Replacing damaged joints with artificial ones can improve movement, relieve pain and boost independence. Removing bone spurs, and re-aligning joints can also improve OA for many patients. Your physician is the best expert to work with to determine if you need a surgical procedure for OA.
Myth #15: Acupuncture Has No Scientific Basis for Osteoarthritis (OA)
Many controlled studies in acupuncture have not found benefits for osteoarthritis (OA), but trial design is difficult and may not represent the true results. Research has shown that physiological changes do occur during acupuncture - natural, pain-relieving neurotransmitters like endorphins and enkephalins are released - which may help to explain the positive results seen in some OA patients.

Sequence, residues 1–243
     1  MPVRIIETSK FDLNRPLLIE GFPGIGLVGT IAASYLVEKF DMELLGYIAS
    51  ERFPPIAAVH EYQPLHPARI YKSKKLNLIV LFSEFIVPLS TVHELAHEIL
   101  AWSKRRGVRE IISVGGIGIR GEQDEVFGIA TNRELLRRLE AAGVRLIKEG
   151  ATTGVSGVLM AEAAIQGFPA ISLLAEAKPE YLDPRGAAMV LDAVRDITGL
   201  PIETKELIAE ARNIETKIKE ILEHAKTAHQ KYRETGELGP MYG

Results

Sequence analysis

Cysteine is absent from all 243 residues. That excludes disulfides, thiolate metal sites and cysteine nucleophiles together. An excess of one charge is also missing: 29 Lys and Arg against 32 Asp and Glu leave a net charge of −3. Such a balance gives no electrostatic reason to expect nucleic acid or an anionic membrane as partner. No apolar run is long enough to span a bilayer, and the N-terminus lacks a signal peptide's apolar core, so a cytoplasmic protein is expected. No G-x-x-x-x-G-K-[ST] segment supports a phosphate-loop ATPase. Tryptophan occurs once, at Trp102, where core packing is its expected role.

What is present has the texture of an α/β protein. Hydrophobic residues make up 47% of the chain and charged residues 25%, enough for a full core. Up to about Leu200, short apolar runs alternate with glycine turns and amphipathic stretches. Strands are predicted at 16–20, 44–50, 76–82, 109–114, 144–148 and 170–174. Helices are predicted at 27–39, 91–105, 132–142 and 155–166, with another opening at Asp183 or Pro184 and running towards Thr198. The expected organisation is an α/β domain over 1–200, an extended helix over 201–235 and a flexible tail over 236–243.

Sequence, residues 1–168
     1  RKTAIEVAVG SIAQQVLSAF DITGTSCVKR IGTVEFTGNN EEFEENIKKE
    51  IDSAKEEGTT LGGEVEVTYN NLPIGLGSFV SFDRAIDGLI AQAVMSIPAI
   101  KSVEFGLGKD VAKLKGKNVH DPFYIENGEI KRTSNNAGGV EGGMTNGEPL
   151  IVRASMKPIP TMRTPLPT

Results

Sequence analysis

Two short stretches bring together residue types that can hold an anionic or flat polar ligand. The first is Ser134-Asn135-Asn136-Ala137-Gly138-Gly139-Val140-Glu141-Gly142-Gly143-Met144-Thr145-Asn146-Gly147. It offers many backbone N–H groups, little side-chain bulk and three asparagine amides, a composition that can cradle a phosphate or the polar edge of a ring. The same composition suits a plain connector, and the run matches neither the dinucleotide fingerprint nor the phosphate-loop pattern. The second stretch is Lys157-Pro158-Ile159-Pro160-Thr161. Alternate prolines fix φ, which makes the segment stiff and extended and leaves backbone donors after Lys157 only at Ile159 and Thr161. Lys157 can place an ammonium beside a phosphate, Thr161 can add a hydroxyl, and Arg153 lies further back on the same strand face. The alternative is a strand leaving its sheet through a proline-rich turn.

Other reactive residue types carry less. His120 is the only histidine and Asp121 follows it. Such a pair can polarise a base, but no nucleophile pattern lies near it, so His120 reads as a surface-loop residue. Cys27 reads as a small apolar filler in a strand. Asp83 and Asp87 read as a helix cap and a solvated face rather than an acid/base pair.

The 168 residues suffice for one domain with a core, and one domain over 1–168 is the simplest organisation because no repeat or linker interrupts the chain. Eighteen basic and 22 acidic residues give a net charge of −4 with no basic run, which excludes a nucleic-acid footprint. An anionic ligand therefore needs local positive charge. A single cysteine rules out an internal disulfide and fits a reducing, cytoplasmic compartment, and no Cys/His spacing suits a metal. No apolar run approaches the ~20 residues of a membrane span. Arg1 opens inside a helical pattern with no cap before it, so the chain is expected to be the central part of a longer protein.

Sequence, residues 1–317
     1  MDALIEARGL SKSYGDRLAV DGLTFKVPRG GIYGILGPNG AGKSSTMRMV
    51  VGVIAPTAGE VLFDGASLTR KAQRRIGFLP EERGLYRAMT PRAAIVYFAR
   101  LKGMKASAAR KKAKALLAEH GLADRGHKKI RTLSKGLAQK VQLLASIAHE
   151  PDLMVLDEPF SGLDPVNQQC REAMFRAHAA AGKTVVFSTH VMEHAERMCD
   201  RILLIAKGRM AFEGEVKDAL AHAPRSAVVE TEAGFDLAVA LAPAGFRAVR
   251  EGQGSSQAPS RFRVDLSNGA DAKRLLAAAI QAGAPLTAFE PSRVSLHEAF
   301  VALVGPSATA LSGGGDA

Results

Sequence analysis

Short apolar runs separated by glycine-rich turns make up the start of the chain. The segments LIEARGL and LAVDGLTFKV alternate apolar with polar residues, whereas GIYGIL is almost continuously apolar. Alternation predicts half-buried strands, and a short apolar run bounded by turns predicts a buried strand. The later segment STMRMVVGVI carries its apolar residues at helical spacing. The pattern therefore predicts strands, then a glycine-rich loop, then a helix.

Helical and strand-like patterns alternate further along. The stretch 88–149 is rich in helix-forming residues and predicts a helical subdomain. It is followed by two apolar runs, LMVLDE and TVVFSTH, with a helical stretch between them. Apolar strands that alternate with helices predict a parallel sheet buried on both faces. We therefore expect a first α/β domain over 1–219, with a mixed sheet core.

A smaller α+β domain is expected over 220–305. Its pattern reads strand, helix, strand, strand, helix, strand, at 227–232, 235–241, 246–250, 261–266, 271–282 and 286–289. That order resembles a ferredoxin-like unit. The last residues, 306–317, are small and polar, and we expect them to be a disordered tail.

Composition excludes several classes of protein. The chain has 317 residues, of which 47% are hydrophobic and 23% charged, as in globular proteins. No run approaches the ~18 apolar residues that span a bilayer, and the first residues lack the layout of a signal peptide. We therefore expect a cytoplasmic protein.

Finished: Fact or Fiction? The Top 15 Osteoarthritis Myths
- Hochberg MC, Altman RD, April KT, et al. American College of Rheumatology 2012 Recommendations for the Use of Nonpharmacologic and Pharmacologic Therapies in Osteoarthritis of the Hand, Hip and Knee. Arthritis Care Res 2012;64:465-74. DOI 10.1002/acr.21596
- Arthritis Foundation. Disease Center. Osteoarthritis. Accessed June 23, 2016 at http://www.arthritis.org/about-arthritis/types/osteoarthritis/
- Gatti JC. Glucosamine Treatment for Osteoarthritis. Am Fam Physician. (Cochrane for Clinicians) 2006;73:1189-91.
- Press Releases: Chondroitin Outperforms Celecoxib in Knee Osteoarthritis Study. November 09, 2015 American College of Rheumatology http://www.rheumatology.org/About-Us/Newsroom/Press-Releases/ID/708/Chondroitin-Outperforms-Celecoxib-in-Knee-Osteoarthritis-Study